That last bit is interesting, as The Skeleton in the Clock shows the first sketches of Carr’s historical mysteries to come. This is the first book that I can think of where he starts to add in bits of historical trivia. There’s a nice passage on banned fencing tricks, a reference to Thackery’s Esmund (a novel returned to later in Scandal at High Chimneys), and a trickle of other minutiae. We’re not quite into action territory yet – that would emerge a year later with 1949’s Below Suspicion. Between those two novels though there’s a glimmer of what would come in later work such as Fire, Burn and Fear is the Same.
There are some backward references as well in The Skeleton in the Clock – The Curse of the Bronze Lamp and The House in Goblin Wood get a mention, although nothing spoiler related. There’s also a nod to the Dr Fell short story The Wrong Problem, which could be viewed as an additional hint that Merrivale and Fell inhabited the same universe.
Now, I’ve kind of built up The Skeleton in the Clock a bit, and for good reason. However, it is not all so rosy. This is a book that comes up a bit short in the end. Well, the end of the book is actually extremely exciting, but the solutions to the puzzles don’t really live up to their potential. Once you have all of the information, it doesn’t really make sense why certain things were done, or why there was really a puzzle in the first place. I’ll dig into this a bit further in a spoiler section below.
The Skeleton in the Clock was similar to The Red Widow Murders for me – a flat out awesome book that built up such an epic mystery but ultimately didn’t deliver the solution I wanted. Granted, I have different standards for Carr. The solution to The Red Widow Murders or The Skeleton in the Clock would be perfectly fine in most any other author’s library, but with Carr I think we’re looking for that especially satisfying solution.
In the end, I absolutely recommend this book. The prison sequence may well be Carr’s creepiest scene, the impossible defenestration is presented as a classic puzzle, and the story in general captures the writer at his best. I can only hope that one of the remaining books in my To Be Read pile will be this good.
I haven’t seen that many great editions of The Skeleton in the Clock. There’s an IPL edition with an interesting cover, although I’ve never seen it for sale. There’s a Dell map back with a nice illustration that captures some key layout of the setting where the story takes place. I wish I had held out for that one.
I, however, have two dud editions. First we’ll take a look at my 1977 Belmont Towers edition with the darker blue cover, shown up top. Uh, who is that dapper gentleman in the suite smoking the cigarette? It certainly isn’t Merrivale – he’s bald. There is no character in the book that matches this description… or so I thought, until it dawned on me that it could be Chief Inspector Masters. Anyway, I got a good loud laugh out of that when it came to mind.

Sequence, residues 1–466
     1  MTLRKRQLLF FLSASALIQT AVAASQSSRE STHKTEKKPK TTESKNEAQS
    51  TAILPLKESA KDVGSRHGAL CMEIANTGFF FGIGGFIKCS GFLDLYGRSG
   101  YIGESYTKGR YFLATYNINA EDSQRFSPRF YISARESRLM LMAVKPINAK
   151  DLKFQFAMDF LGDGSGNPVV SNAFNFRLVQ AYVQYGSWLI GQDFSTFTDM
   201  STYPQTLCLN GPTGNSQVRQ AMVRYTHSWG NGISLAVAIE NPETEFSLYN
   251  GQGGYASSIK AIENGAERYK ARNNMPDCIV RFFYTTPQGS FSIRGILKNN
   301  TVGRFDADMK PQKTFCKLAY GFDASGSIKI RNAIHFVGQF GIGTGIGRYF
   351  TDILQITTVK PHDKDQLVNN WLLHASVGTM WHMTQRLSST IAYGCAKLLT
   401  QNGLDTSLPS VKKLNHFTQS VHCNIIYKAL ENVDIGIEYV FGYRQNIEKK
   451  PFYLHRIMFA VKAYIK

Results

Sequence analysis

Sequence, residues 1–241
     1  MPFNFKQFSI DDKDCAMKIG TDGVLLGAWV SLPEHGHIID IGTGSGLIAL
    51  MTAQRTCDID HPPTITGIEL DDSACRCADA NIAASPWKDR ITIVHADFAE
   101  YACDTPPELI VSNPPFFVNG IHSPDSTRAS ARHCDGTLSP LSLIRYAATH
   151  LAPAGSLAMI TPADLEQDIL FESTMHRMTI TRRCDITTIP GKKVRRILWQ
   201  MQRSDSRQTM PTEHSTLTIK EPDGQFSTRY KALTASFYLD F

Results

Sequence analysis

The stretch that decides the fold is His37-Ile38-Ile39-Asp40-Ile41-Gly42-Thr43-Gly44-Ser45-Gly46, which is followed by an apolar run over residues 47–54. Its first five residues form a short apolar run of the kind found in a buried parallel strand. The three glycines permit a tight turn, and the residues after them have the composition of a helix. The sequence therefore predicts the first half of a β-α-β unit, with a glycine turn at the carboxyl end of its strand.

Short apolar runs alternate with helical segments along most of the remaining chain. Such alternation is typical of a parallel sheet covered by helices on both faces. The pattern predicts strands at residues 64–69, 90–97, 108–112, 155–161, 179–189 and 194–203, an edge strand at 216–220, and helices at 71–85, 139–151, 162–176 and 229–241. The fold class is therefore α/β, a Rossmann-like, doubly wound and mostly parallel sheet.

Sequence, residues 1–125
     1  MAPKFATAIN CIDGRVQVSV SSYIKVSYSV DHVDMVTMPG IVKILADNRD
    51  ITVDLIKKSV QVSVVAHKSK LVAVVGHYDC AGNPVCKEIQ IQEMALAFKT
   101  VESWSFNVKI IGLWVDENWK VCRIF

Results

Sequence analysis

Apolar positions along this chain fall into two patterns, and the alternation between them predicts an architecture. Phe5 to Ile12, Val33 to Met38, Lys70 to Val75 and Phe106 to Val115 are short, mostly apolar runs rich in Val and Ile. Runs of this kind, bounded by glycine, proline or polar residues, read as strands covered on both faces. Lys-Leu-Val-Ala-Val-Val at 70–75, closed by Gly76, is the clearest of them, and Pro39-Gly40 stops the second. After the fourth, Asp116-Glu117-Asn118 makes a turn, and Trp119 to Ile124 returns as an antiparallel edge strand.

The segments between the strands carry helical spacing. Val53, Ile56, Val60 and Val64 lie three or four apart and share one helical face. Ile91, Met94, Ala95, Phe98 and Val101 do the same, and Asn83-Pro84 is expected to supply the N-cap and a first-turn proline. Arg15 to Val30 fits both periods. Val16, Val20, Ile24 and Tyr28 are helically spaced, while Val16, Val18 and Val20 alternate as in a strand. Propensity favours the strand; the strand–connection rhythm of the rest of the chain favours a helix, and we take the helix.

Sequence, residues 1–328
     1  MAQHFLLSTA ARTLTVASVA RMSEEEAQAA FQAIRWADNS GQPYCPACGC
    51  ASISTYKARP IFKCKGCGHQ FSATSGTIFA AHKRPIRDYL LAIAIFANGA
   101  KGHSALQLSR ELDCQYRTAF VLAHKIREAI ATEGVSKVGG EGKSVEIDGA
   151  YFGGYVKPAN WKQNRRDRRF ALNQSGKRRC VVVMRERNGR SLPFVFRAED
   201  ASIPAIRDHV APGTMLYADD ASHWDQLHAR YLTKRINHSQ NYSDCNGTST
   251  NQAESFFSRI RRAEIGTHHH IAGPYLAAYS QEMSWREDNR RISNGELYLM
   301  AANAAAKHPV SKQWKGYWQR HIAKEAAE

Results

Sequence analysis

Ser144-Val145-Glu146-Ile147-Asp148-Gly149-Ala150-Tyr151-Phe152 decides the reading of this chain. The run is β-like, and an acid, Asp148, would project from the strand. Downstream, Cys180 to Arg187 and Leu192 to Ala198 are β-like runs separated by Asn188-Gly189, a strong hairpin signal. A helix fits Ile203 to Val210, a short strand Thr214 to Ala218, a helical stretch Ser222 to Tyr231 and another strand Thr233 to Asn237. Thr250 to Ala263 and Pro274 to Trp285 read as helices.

Next we have my 1973 edition, once again by Belmont Towers. This one is just weird. There is this guy on the cover with a beard and a gun who certainly isn’t in the story. It seems that Belmont Towers used this same illustration of the man on several other Carter Dickson books, so I suppose they decided that is what either Merrivale or Masters looks like. Or, more likely, they just threw some random image on the cover.
Speaking of random images: you might have to click on the cover I’ve posted to view it at full size, but there is a portrait on the wall (kind of hard to make out) of Adolph Hitler. Now, when I noticed this detail midway through reading the book, I couldn’t help but let out a groan, thinking that the plot was going to devolve into some neo-nazi conspiracy tripe. Fortunately nothing like that ever happens, and I can only assume that Belmont Towers selected random art for their book covers.
Oh yeah – the inner page includes one of those snippets of the story where the publisher tries to entice you to read the book. Unfortunately, the section that they chose is probably one of the most exciting surprises in the story. Fortunately I’ve learned to skip over content like that until after I’ve read the book. I encourage you to do the same.
And now to spoilers. I’m not going to give away the solution, and I intend to speak in somewhat general terms, but I will be making some comments that would probably ruin your reading experience if you haven’t read The Skeleton in the Clock yet. If you chose to comment on any of these elements below, please be tactful and sensitive to others who haven’t read the book.
The whole bit about the actual skeleton in the clock really doesn’t make any sense in the end. Like, they wanted to avoid drawing attention to a clue in case the body was exhumed, so they decided take a course of action that is… 100 times more noticeable?!?!?
The solution to the impossibility on the roof was a total let down. Once you factor in all of the lies and holding back of evidence, the solution to the cause of the fall could have been nearly anything. There are several solutions that were ruled out early in the book that actually could have been valid.
The second crime (the murder in the prison) was never really played up to its full potential. It seemed to be immediately dismissed as a manipulation of time tables, and then Master just casually… kind of… provides the solution. By the end when it was fully explained it just wasn’t really that interesting.